Delivering Transformational Change
Drones, indeed, have the potential to transform industries, improve disaster response, and revolutionize various fields like delivery services, inspection of infrastructure, and assistance in search and rescue operations. Drones can provide aerial views of remote locations, helping businesses and organizations save considerable time and money. The Indian defence forces and the National Disaster Response Force (NDRF) routinely press them into action for disaster relief operations.
Drones can significantly impact agriculture, healthcare, and logistics as they can help monitor crops and manage pest control and irrigation. They can deliver medical supplies to inaccessible regions, ensuring last-mile access to essential healthcare, and faster and more efficient logistics services. In fact, the Indian government has also launched a pilot program for the delivery of medical supplies and vaccines to remote areas using drones.
Serious Challenges are Here, too!
The use of drones also raises several concerns, privacy being one of the most significant challenges. The misuse of drones to follow celebrities and capture their images and videos without their consent is common in the USA. Such instances can lead to grave misuse of personal data.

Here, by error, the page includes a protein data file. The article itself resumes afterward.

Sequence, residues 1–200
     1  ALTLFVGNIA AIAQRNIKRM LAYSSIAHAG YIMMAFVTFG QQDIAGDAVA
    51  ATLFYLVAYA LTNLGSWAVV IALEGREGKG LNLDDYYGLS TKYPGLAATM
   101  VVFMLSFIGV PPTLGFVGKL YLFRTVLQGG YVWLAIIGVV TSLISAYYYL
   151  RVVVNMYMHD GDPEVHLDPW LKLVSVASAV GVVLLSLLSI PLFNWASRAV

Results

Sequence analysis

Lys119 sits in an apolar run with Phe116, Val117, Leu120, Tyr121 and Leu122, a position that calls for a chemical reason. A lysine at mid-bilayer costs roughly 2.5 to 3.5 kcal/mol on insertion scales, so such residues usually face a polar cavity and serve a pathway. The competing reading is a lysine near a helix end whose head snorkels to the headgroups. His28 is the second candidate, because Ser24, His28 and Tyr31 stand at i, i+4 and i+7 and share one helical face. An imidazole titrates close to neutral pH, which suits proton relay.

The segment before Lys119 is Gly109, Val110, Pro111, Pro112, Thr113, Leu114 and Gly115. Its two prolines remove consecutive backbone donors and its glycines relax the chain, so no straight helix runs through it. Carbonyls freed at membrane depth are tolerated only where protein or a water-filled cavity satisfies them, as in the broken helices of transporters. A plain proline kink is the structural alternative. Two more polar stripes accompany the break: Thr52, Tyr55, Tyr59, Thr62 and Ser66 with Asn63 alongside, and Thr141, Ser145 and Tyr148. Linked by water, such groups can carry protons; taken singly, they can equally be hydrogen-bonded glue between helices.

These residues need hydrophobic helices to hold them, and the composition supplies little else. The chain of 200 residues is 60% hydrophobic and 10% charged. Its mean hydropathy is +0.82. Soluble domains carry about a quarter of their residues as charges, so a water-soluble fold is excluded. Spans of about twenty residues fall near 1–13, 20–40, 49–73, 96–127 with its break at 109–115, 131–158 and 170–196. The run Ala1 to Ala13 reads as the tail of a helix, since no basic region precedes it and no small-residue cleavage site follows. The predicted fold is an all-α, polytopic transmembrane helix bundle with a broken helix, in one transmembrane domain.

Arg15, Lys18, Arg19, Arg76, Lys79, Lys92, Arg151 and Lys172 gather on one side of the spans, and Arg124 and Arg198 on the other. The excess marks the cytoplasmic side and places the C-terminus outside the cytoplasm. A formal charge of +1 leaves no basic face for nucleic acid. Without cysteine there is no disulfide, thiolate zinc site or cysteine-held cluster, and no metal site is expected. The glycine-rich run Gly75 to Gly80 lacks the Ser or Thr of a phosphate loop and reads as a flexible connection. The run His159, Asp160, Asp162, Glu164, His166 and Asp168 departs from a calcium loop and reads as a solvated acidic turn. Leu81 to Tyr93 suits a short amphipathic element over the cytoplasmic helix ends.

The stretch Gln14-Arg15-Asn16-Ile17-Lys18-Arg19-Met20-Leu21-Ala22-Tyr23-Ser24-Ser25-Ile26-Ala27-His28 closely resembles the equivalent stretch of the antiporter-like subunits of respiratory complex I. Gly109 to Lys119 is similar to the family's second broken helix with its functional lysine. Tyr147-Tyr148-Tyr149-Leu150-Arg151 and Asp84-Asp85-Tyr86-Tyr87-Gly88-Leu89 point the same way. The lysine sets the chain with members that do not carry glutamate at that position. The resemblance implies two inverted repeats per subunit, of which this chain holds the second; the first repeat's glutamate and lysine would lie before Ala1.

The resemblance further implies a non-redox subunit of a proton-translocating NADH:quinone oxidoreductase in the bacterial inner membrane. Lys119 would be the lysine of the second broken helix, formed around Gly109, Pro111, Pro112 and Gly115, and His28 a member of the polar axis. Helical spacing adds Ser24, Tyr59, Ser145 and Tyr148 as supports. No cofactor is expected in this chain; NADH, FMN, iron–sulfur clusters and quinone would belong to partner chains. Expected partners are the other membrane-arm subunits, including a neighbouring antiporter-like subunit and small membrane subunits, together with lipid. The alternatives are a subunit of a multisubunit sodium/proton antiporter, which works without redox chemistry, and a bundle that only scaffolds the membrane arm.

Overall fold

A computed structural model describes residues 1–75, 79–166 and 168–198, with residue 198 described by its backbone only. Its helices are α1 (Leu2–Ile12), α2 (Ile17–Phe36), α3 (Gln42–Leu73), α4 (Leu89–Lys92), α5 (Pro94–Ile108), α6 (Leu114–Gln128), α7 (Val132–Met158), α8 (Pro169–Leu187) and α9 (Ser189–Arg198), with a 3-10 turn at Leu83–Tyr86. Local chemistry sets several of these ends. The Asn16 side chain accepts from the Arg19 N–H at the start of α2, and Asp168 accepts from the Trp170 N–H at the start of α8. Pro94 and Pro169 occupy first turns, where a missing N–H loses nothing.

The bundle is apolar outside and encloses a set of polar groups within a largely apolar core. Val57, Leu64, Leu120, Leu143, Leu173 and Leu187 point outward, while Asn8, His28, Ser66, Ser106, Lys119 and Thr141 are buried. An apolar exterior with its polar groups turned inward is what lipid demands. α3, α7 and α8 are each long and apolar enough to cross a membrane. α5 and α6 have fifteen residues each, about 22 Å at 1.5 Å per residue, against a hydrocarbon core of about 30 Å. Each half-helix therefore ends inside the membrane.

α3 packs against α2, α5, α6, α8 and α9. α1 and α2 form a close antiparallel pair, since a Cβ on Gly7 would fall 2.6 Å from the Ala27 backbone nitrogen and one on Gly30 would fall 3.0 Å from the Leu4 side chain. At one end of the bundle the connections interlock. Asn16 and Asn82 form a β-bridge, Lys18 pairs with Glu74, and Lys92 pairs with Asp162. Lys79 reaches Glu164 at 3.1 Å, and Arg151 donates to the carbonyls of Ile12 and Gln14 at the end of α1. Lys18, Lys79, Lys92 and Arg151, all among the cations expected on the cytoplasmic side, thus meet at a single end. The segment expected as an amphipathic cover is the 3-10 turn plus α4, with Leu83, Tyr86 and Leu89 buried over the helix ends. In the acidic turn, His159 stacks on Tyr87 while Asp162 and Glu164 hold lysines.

Besides, they can risk aviation safety and can be used for illegal activities, posing threats to national security. They are now being used to smuggle weapons, drugs, and counterfeit currency across borders, as they fly low and cannot be detected by larger air defence systems. Punjab police and national security agencies have openly expressed concern about the smuggling and airdropping of narcotics, bombs and AK-47s across the Punjab border by Pakistan to ferment trouble in the border state.
Saudi Arabia’s two critical oil facilities, operated by state-run Aramco, were hit in 2021 by “drone attacks claimed by Yemen’s Houthi rebels, damaging facilities that process the vast majority of the country’s crude output and raising the risk of a disruption in world oil supplies,” the New York Times reported. This incident demonstrates that drones can be used to attack critical infrastructure, such as power plants, oil refineries, and government buildings, and trigger global tensions. These drones carried explosives that were detonated remotely. This way, they caused significant damage to Saudi infrastructure, as Iran-backed Houthi rebels waged a low-cost high-yield war.
They have the potential to be used for terrorist attacks as security agencies have a difficult time detecting them. They also pose a significant threat to the security of high dignitaries, as they can be used for the reconnaissance of VIP movements. Several high-handed regimes across the globe have used them for targeted killings, raising serious concerns about extrajudicial killings.